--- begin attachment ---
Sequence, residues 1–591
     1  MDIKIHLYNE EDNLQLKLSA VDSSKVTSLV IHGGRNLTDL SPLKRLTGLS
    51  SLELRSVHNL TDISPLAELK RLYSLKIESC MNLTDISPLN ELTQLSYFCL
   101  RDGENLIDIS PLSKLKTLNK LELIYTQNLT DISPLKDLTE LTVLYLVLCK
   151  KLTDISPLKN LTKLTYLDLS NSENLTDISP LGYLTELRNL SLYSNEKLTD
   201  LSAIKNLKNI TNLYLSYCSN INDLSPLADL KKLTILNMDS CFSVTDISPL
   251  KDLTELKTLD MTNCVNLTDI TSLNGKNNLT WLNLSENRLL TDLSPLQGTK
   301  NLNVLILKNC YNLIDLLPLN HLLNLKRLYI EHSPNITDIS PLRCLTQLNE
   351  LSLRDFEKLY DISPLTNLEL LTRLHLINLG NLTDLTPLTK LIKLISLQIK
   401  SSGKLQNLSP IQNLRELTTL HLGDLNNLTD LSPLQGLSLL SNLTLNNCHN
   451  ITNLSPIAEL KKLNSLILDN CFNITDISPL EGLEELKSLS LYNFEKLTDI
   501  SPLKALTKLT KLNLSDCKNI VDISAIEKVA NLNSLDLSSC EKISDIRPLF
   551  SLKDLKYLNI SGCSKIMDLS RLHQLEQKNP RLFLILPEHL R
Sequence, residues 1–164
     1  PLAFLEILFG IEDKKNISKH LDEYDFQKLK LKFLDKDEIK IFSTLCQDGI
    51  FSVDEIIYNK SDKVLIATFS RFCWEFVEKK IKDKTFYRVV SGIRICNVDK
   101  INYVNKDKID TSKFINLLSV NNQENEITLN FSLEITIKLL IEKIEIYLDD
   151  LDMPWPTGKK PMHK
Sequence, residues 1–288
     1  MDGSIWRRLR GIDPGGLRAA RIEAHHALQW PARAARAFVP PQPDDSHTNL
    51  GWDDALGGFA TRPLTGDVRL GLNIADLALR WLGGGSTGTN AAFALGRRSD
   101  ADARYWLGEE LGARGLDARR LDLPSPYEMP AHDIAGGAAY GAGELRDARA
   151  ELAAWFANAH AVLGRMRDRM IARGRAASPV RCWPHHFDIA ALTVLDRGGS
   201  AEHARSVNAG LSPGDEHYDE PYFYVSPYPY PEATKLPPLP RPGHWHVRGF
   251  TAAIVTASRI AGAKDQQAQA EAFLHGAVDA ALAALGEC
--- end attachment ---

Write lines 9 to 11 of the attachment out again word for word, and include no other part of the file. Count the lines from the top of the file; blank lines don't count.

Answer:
   351  LSLRDFEKLY DISPLTNLEL LTRLHLINLG NLTDLTPLTK LIKLISLQIK
   401  SSGKLQNLSP IQNLRELTTL HLGDLNNLTD LSPLQGLSLL SNLTLNNCHN
   451  ITNLSPIAEL KKLNSLILDN CFNITDISPL EGLEELKSLS LYNFEKLTDI